It seems, especially now in a social media driven day and age, women are keen on returning to their pre-pregnancy weight as soon as possible.
The downside of having information at your fingertips? You also have your friends and family on Facebook telling you how to dress/feed/raise your child and how to get back in shape.
Like, let a momma live?
Thankfully, Brittany Noonan, a trainer and fitness blogger, understands that postpartum women need a little TLC -- and they don't need to jump into CrossFit training as soon as the umbilical cord is cut.
Noonan says the main mistake new mothers make is returning to the gym as soon as they've given birth.
Give your body time to heal and ensure you have had your six week check up before starting any exercise routine. I would recommend listening to your body and staying aware of how it feels – it may take a lot longer than six weeks to be ready to exercise.
(Side note: I don't expect you to be anything like me if you're that excited to go to the gym, but my body is saying "nachos pleeeease" right now -- should I listen or nah?)
Don't push yourself too hard after just giving birth. She says it "will cause so much muscle tension and tightness you won't be able to sit on the toilet, bend down to pick up the baby and will turn you off going back [to the gym]."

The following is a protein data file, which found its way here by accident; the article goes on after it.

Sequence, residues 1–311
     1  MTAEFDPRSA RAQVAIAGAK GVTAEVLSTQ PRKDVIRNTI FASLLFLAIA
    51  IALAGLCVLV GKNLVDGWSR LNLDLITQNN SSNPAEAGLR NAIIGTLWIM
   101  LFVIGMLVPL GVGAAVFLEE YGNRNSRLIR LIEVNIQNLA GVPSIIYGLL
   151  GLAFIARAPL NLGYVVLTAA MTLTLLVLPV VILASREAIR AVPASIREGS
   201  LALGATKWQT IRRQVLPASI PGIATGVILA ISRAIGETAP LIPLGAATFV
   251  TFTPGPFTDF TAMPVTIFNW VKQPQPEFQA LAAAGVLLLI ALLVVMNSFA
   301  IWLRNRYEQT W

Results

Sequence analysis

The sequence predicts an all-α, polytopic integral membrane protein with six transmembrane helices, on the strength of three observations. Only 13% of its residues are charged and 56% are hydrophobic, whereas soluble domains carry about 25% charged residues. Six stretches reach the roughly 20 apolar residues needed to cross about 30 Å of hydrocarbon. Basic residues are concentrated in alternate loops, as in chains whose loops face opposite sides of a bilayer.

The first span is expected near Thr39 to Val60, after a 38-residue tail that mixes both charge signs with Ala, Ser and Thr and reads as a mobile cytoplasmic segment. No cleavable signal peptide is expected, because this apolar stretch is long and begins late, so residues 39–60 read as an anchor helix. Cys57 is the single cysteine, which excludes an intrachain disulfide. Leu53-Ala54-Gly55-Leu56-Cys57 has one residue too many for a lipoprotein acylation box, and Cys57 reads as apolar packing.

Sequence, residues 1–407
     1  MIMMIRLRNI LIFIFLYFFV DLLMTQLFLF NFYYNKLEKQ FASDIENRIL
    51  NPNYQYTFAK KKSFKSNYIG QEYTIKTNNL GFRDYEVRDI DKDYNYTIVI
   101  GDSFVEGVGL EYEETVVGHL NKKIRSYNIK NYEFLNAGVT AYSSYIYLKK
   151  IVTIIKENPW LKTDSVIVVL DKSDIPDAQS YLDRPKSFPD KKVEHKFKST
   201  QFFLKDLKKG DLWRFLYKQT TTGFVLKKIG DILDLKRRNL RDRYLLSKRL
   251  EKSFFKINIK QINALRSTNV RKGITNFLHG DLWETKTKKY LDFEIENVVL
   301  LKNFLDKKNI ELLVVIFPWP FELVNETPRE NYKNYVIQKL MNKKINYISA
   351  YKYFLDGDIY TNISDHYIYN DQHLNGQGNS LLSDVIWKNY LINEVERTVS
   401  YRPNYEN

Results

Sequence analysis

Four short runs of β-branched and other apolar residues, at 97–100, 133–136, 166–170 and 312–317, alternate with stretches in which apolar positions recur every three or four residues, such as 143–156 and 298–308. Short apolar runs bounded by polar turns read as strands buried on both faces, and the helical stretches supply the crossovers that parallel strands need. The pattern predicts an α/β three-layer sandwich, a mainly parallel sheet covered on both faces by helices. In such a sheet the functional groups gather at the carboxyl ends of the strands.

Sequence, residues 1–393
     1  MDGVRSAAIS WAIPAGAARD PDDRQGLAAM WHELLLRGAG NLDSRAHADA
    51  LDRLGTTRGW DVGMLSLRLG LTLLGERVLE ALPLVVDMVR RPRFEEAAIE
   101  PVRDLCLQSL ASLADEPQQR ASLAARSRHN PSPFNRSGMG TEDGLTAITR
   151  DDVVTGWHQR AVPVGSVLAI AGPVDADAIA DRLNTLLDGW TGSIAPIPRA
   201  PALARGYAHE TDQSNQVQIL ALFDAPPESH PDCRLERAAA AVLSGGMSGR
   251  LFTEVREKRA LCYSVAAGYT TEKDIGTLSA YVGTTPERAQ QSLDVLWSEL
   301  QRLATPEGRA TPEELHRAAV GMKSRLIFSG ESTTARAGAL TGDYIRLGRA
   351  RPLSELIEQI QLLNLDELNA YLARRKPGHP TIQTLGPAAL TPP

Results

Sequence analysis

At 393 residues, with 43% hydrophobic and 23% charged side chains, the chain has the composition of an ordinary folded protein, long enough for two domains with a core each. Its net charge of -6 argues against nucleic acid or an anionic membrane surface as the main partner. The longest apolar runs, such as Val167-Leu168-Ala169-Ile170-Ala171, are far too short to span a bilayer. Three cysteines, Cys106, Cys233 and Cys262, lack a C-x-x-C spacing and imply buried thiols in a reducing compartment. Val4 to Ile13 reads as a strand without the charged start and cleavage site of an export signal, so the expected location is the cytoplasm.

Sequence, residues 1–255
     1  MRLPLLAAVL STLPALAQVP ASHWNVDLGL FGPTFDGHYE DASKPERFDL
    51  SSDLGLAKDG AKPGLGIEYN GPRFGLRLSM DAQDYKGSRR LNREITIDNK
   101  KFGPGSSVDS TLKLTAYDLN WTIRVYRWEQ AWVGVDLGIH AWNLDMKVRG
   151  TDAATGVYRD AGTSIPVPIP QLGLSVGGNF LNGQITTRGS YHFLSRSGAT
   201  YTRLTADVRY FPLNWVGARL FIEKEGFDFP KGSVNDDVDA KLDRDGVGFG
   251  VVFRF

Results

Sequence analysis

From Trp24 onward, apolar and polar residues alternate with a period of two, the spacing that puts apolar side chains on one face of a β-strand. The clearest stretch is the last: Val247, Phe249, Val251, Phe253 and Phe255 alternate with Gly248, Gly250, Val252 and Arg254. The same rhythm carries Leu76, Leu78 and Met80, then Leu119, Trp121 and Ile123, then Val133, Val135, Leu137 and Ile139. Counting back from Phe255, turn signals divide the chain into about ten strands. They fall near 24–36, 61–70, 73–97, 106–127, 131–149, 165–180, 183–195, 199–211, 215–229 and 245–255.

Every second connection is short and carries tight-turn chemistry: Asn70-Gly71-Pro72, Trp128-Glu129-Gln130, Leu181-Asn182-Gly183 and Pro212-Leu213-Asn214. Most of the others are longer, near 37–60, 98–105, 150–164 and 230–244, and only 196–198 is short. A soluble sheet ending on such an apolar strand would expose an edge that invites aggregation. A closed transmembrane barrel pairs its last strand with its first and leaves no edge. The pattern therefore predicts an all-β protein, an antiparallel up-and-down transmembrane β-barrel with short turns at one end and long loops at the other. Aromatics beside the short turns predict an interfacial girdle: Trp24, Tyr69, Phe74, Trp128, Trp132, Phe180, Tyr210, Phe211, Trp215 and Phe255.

After Noonan had her baby, she took 10 weeks off after her caesarean.
(This is embarrassing for me because I took off 1,460 weeks off after my mother's caesarean.)
Before she went back to the gym, Noonan would do pelvis floor workouts at home to help heal her "abdominal separation." She also took her daughter for plenty of walks in her stroller.
Another huge mistake new moms make? Surprise! It's social media.
You cannot, I repeat, CAN... NOT... compare yourself to other people.
Noonan is refreshingly real about the issue:
[D]on't jump on Instagram and start comparing yourself to other 'fit mums' who have a whole lot more time, in most cases money and education around fitness.
The BEST thing you can do before returning to exercise…is to see a women's health physio and have your pelvic floor strength tested, your abdominal separation checked and also a general check up of your joints – particularly those around your pelvis and lower back.
Big noes also include sit-ups and crunches during and after pregnancy -- for up to six months after you've given birth. Noonan also doesn't recommend putting too much pressure on back to "normal" work out routines.
When it comes to postpartum fitness, slow and steady definitely wins the race for long term health.